The Looking Glass

The Looking Glass

The Department of Psychology

or What to do When You Finish Psychology 308

Dr. David Fitzpatrick

Just in case you thought that Edna Heidbredder and I had covered all of the fun and thoughtful parts of psychology in 308: SURPRISE! Here are books that I have used in preparing the course that you will hopefully enjoy reading in the future. They are included on the basis of one single criterion: I enjoyed them, and/or I found them enlightening. As my 308 course grows and changes, so will this list. Feel free to stop in anytime for the latest edition.

Barzun, J. (1983). A Stroll with William James. New York: Harper & Roe, Publishers. A most flattering biography of James, written by an historian who clearly loved James not only for what he said, but how he said it.

Darwin, C. (1872/1975). The Expression of Emotions in Animals and Man. Chicago: University of Chicago Press. You may not do more than skip around in the text of this one, but you will spend a lot of time examining his drawings.

Gruber, Darwin on Man. I have looked high and low for my copy of this and it has eluded me. This will have to do for this edition.

Hebb, D. O. (1949/1961). Organization of Behavior: A Neuropsychological Theory. New York: Science Editions, Inc.

Heast, E. (1979). The First Century of Psychology. HiIIsdale, New Jersey: Lawrence Erlbaum Associates. Summaries of different fields in experimental psychology written by veterans in their discipline. The best collection of early pictures of psychologists between two covers.

Kimble, G. A. ( 1996). Psychology: The Hope of a Science. Cambridge, Massachusetts, The MIT Press. Kimble seems to be trying to close the twentieth century with a new school of psychology. It's a combination of behaviorism, very broadly defined, functionalism with physiology added, and operations. It also has a powerful statement about the place of a responsible science of psychology in society.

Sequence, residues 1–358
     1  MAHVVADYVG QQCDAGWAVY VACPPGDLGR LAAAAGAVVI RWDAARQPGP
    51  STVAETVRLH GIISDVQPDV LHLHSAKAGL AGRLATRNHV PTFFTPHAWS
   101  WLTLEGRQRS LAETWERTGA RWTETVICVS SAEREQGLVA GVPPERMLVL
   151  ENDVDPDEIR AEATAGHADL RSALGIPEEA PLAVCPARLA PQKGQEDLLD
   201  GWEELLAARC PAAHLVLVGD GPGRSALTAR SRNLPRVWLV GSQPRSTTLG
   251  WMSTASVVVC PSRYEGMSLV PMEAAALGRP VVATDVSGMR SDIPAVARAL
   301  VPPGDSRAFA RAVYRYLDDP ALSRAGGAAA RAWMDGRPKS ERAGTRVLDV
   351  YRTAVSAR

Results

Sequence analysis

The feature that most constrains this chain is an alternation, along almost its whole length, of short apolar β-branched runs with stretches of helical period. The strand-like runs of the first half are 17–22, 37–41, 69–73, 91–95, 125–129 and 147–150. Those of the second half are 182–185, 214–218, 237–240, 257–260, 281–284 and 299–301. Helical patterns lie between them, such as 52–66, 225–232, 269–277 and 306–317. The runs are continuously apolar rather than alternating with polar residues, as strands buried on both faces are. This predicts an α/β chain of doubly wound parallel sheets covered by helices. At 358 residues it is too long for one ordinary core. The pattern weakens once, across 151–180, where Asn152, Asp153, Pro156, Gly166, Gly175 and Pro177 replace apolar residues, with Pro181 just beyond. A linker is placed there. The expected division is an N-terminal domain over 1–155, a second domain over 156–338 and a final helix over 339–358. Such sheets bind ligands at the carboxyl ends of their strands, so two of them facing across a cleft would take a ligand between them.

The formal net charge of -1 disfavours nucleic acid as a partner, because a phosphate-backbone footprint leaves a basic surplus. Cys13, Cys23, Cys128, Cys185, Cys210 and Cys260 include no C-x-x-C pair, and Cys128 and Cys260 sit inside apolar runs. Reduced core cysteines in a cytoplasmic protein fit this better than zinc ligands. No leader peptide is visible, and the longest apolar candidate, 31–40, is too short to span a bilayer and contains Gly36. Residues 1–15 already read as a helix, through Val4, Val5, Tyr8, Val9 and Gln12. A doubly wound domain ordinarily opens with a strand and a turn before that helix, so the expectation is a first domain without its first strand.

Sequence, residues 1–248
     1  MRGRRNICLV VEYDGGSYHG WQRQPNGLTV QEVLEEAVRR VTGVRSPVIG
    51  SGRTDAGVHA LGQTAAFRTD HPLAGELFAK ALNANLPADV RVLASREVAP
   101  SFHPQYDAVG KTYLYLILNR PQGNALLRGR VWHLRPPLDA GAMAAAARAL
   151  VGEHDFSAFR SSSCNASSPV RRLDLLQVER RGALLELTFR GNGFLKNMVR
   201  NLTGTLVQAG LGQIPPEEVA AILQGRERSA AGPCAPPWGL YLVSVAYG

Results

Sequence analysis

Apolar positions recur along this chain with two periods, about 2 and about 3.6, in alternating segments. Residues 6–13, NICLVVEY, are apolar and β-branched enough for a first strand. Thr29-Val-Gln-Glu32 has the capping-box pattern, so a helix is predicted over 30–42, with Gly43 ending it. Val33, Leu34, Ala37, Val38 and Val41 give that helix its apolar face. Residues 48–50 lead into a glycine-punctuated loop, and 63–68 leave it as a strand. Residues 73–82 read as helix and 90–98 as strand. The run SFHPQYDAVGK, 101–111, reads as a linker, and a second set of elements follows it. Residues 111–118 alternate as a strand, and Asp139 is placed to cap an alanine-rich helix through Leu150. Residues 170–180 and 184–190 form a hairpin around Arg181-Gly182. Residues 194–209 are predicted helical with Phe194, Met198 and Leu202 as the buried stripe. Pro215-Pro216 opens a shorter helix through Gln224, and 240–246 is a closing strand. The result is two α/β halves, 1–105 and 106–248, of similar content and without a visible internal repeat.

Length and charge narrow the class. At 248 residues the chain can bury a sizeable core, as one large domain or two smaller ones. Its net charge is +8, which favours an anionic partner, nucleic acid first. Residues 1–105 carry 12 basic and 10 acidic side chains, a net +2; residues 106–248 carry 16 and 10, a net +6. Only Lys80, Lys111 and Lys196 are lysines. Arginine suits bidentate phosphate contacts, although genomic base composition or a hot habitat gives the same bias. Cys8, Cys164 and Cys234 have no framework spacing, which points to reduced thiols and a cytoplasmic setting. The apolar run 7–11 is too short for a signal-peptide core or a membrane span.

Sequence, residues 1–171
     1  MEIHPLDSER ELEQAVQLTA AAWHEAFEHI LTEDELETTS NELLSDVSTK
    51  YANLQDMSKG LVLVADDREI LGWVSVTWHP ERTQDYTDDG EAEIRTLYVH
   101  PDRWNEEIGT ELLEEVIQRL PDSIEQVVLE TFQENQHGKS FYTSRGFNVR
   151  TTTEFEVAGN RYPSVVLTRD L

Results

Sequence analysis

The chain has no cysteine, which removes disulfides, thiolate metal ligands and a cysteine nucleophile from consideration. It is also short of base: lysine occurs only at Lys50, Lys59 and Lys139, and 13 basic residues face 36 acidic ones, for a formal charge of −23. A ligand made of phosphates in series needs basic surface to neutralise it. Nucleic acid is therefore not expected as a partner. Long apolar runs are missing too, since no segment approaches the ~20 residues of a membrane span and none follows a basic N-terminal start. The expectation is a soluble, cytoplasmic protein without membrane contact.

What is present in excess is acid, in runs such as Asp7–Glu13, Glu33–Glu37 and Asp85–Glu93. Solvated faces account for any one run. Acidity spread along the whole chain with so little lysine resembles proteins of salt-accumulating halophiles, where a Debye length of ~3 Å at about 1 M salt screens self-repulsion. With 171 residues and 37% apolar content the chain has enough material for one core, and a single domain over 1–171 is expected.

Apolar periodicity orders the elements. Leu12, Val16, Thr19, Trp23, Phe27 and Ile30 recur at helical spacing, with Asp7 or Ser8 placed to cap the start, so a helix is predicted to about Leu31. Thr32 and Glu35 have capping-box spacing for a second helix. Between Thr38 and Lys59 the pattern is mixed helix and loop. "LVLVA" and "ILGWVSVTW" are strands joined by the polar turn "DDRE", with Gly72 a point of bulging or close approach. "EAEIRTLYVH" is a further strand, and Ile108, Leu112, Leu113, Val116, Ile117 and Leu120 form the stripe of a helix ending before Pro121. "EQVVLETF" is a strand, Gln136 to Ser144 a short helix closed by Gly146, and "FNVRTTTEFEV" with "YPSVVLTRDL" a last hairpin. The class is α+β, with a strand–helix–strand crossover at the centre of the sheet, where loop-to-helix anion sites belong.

Kimble, G. A., Wertheimer, M., & White, C. L., Eds. (1991). Portraits of Pioneers of Psychology. Hillsdale, New Jersey: Lawrence Erlbaum Associates. A series of portraits of psychology's giants of the past, often whimsically portrayed by experts in the history and teaching of psychology. Most are based, in part, on presentations made at psychological conventions from the mid seventies to the present.

Kimble, G. A., Wertheimer, M., & White, C. L., Eds. (1996). Portraits of Pioneers of Psychology, 2. Hillsdale, New Jersey: Lawrence Erlbaum Associates. This follows the plan of the first volume with its subjects being perhaps a little less central to the subject matter of Psychology 308.

Sulloway, F. J. (1979). Freud: Biologist of the Mind. New York: Basic Books. This book represents the first attempt to demystify Freud and in general to show that both the man and the theory have feet of clay.

James, W. (1890). Principles of Psychology, Vols. 1 & 2. New York: Dover Publications, Inc. I've never actually had occasion to enter this in a reference section before. It's a bit humbling.

Watson, J. B. Behaviorism.

Russell. (1945). A History of Western Philosophy. New York: Simon and Schuster. A good solid introduction to philosophy in historical approach. Russell at no time attempts to hide his own biases in the subject.

Woodworth, W. R., & Ash, M. G. (1982). The Problematic Science: Psychology in the Nineteenth Century. New York: Praeger. There is a little something for everyone in this. Sulloway has a chapter in it that is a working outline for his book. There is also a chapter on Fechner that more than makes up for Boring's callous treatment of the man.

This list is dedicated to the memory of two friends and fine psychologists who taught me how to teach this course and with whom I had many fine discussions, arguments, and out and out battles over concepts, people and material (which we all loved or hated in our different ways) covered in Psychology 308.

David M. Lawrence, Ph.D.


Vernon Lee Kiker, Jr., Ph.D.


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